Fans of the popular energy drink Monster may not want to take another sip, after it was revealed that a 14-year-old girl died from drinking two cans of the beverage.
Anais Fournier died on December 23, 2011 from a heart attack brought on by 'caffeine toxicity' after drinking two 24-ounce Monster cans within 24 hours. Now the Food and Drug Administration announced they are going to investigate her death, including five other deaths associated with the drink.
According to the Record Herald:
The FDA reported people had adverse reactions after they consumed Monster Energy Drink, which comes in 24-ounce cans and contain 240 milligrams of caffeine - or seven times the amount of the caffeine in a 12-ounce cola.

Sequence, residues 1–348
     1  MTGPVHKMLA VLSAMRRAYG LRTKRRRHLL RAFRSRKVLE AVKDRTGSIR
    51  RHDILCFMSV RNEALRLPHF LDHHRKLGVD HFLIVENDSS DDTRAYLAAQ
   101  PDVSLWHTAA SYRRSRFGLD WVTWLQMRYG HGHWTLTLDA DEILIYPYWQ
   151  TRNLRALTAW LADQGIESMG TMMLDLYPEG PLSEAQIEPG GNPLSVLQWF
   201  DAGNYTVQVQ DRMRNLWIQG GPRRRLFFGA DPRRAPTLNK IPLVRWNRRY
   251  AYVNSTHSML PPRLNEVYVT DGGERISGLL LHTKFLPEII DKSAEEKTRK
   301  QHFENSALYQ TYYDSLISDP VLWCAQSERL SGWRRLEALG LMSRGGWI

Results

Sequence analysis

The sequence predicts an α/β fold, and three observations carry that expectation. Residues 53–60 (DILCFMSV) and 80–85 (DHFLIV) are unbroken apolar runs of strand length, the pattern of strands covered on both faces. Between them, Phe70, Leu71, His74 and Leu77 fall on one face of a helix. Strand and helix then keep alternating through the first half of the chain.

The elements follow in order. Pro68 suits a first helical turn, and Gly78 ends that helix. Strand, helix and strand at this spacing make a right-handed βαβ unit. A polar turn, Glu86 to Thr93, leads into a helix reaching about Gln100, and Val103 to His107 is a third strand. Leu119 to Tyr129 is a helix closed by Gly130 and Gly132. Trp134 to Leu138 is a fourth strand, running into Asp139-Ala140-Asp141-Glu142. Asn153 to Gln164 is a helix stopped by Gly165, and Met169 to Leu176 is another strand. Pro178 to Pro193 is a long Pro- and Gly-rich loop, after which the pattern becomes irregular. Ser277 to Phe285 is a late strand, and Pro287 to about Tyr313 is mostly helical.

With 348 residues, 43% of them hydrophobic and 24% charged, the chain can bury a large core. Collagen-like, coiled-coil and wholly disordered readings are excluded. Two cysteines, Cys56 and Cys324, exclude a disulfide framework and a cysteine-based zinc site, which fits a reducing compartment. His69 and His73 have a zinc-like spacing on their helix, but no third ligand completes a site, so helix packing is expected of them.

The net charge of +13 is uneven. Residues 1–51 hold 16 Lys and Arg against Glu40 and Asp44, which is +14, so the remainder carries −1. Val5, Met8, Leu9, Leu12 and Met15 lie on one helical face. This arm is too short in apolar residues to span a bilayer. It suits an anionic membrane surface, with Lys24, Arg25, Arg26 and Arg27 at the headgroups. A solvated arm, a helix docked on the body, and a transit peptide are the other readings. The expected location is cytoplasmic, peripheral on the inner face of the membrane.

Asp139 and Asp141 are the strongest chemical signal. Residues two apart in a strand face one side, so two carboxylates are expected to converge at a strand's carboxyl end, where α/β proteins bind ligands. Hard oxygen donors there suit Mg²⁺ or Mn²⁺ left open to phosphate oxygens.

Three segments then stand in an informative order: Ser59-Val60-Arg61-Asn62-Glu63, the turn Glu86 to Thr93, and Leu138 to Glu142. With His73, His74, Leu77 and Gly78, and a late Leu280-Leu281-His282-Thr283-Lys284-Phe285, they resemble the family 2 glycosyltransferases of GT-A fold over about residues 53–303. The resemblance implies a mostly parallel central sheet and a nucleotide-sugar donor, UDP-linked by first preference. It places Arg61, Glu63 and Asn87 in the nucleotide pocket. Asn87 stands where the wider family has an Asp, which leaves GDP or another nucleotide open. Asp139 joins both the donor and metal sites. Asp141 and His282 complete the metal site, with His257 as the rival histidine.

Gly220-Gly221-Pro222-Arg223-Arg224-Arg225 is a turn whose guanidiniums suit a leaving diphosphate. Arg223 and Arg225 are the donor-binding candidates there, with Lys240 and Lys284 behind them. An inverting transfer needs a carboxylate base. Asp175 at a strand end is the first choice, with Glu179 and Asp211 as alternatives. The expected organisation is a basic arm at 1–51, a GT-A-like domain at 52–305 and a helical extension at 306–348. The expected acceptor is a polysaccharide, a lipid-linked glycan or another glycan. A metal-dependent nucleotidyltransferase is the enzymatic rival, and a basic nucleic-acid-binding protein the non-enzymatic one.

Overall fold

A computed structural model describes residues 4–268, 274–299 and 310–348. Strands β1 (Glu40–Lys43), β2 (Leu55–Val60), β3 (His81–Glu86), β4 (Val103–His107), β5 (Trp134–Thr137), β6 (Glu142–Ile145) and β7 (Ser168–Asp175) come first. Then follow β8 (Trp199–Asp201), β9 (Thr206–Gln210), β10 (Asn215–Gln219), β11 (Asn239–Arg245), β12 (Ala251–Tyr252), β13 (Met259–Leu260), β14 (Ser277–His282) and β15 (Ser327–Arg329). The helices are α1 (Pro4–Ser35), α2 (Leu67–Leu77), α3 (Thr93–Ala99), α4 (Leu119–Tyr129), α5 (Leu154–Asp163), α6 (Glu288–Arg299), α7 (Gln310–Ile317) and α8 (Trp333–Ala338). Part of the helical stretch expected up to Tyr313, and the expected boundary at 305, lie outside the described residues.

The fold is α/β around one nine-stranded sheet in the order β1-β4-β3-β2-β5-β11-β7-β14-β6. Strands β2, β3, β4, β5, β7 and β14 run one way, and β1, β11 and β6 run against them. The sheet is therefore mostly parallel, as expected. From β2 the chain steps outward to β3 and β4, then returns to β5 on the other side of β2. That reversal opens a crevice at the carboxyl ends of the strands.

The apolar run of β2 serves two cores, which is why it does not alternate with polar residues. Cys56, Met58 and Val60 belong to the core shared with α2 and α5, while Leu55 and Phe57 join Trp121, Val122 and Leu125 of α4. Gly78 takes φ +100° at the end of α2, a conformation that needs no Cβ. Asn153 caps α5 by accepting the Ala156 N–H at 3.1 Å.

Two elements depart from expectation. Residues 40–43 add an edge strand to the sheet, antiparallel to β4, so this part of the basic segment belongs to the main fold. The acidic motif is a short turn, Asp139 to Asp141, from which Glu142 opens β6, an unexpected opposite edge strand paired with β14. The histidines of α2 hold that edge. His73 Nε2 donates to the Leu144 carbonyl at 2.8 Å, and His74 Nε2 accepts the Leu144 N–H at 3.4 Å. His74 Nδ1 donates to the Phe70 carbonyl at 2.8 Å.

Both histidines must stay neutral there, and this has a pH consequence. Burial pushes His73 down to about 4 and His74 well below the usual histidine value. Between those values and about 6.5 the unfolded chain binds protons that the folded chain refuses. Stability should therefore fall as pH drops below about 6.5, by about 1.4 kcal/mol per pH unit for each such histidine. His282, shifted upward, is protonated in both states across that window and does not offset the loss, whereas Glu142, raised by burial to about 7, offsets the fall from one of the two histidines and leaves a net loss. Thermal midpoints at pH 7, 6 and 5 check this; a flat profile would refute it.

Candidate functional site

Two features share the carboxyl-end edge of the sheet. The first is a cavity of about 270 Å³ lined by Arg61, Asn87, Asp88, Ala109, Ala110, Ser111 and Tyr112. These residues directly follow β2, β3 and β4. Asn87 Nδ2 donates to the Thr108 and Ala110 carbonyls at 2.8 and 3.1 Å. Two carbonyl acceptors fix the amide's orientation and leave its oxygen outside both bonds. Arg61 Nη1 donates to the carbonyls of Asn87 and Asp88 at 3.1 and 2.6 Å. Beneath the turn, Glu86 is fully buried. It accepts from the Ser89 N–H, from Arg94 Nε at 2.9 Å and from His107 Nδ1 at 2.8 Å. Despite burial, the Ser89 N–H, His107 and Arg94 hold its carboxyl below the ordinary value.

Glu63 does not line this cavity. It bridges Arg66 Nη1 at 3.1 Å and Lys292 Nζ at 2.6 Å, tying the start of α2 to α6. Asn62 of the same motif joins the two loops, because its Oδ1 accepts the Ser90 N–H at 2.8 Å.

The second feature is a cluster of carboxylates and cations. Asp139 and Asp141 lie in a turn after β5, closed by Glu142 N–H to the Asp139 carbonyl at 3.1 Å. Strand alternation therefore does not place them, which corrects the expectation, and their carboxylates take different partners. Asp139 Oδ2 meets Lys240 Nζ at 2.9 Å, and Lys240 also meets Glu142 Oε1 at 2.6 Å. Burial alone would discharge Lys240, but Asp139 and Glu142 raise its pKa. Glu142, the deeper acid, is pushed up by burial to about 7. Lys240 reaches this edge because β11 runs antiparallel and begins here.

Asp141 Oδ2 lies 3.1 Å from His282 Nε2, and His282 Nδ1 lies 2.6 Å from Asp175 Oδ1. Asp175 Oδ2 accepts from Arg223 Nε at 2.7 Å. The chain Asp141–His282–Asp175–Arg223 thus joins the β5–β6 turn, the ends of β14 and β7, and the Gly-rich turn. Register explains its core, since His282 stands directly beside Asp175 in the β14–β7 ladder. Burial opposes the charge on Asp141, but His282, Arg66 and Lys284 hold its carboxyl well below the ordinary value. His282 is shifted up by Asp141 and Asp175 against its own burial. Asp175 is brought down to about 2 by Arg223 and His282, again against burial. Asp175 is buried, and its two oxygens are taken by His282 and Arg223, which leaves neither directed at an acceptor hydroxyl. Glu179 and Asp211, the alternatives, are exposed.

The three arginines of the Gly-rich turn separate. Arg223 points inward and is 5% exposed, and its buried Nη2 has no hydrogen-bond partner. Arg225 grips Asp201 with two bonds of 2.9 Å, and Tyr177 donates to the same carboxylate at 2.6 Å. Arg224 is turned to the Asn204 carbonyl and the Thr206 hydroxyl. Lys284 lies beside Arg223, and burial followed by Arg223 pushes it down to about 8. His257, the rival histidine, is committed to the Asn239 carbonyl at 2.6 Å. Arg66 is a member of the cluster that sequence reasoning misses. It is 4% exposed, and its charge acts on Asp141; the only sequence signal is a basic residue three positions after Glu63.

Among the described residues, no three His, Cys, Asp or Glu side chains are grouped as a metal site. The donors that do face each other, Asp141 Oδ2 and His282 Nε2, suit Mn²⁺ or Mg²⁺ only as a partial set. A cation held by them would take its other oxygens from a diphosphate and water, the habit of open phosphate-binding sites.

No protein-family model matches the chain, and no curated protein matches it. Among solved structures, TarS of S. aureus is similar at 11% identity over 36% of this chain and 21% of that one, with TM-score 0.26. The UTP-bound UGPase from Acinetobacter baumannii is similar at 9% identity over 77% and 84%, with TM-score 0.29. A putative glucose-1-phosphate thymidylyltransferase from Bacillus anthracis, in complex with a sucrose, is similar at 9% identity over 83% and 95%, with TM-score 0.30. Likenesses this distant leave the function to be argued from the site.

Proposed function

The wrongful death suit, filed in California Superior Court in Riverside, said that after drinking two 24-ounce cans of Monster Energy on consecutive days, Anais went into cardiac arrest.
An autopsy revealed the teenager, from Hagerstown, Maryland, died of cardiac arrhythmia due to caffeine toxicity that impeded her heart's ability to pump blood.
Monster Beverage Corp said it does not believe its drinks are 'in any way responsible' for any of the deaths.
In a statement, the company said:
“Monster is unaware of any fatality anywhere that has been caused by its drinks.”
Monster's shares plunged $7.59, or 14.2 percent, to close at $45.73 in trading on Monday.
SOURCE: Record Herald